The MRC's Geoff Dickens caught this exchange amongst Matthews, at MSNBC's outside location, and Brokaw and Russert inside the venue:

Matthews: "Do you expect that the pledge that John Kerry was forced to make tonight on television before maybe 50 million people that he wouldn't raise taxes in the course of a one or two-term presidency on people who make less than $200,000 a year. Will he get an unfortunate headline out of that?"
Russert: "I never thought I'd see another 'Read my lips, no new taxes,' Chris. Never in my lifetime."
Brokaw: "Especially with the deficits with the size that they are today."
Russert: "We saw it tonight. You know in, in the rules for the debate it specifically says a candidate cannot make a pledge and challenge another to meet it. Well a questioner raised the question so they didn't break the rules. But John Kerry is now firmly committed to never raising taxes on anyone who makes less than $200,000, period."
Brokaw: "What, what may have been playing in his mind was the tape of George Bush the 41st saying that and then remembering he also won after he said that. He paid the penalty later."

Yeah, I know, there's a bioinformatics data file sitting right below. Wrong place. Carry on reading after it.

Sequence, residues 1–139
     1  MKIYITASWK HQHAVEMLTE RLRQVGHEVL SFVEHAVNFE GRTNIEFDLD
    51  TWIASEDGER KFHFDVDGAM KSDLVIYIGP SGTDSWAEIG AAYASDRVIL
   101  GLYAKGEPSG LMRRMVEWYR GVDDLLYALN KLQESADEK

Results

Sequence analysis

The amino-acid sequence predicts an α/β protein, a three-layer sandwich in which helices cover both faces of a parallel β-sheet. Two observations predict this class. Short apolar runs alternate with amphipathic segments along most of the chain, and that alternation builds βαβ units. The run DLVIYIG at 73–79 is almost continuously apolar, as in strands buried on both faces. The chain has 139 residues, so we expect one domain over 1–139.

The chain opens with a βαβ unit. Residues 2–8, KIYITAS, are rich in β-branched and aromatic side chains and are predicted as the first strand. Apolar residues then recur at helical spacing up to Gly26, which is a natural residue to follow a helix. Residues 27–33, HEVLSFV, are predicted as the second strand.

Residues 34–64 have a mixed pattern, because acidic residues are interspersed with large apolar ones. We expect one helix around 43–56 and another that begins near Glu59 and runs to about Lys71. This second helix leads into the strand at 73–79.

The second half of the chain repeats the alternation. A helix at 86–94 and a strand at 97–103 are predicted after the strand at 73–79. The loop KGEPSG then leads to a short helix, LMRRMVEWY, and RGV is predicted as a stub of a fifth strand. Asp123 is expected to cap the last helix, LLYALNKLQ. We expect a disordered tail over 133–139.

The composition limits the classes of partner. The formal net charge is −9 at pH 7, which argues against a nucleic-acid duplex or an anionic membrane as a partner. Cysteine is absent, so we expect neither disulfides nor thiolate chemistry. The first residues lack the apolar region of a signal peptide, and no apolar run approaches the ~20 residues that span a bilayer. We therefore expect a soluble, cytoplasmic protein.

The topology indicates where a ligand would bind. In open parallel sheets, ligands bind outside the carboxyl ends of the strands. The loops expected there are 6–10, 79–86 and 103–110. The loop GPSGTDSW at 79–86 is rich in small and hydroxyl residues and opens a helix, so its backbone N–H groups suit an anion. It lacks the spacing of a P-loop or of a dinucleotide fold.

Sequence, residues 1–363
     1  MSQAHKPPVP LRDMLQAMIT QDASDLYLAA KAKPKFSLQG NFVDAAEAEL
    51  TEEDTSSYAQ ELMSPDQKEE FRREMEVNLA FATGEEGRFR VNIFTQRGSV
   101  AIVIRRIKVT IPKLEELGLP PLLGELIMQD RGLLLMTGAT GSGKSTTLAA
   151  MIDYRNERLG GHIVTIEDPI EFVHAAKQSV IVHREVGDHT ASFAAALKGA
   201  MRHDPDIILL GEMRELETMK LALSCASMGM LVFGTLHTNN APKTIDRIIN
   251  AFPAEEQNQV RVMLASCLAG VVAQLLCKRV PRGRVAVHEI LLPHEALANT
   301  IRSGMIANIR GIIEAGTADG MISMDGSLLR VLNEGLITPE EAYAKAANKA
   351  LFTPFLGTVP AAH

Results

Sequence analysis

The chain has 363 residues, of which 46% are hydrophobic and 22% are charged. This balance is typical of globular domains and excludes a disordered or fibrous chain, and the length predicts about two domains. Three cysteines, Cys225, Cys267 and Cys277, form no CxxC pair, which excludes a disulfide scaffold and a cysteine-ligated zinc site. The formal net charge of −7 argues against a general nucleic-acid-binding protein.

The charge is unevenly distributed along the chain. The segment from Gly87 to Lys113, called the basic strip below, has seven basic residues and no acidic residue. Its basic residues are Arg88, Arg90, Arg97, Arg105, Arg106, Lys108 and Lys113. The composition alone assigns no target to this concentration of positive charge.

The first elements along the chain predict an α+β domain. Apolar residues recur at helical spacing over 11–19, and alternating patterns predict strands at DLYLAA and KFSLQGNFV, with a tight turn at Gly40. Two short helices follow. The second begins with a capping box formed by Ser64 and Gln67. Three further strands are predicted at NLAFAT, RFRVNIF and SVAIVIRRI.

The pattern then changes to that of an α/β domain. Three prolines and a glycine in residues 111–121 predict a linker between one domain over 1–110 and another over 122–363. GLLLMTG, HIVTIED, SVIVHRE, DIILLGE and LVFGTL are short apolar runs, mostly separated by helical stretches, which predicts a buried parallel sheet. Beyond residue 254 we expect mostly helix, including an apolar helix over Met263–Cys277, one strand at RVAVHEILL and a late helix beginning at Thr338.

ABC: Bush Distorts More than Kerry, So
Must Be Held to Account

ABC News Political Director Mark Halperin ABC News to deliberately correct Bush more often than Kerry? In an internal memo which was given to the Drudge Report, ABC News Political Director Mark Halperin declared that "the current Bush attacks on Kerry involve distortions and taking things out of context in a way that goes beyond what Kerry has done." Halperin told his colleagues: "We have a responsibility to hold both sides accountable to the public interest, but that doesn't mean we reflexively and artificially hold both sides 'equally' accountable when the facts don't warrant that." He also bemoaned the "stepped up Bush efforts to complain about our coverage," claiming it "is all part of their efforts to get away with as much as possible." ABC's post-debate fact check matched Halperin's advice with two corrections for Bush to one for Kerry.

An excerpt from the text of the October 8 memo posted by the DrudgeReport.com:

....The New York Times (Nagourney/Stevenson) and Howard Fineman on the web both make the same point today: the current Bush attacks on Kerry involve distortions and taking things out of context in a way that goes beyond what Kerry has done.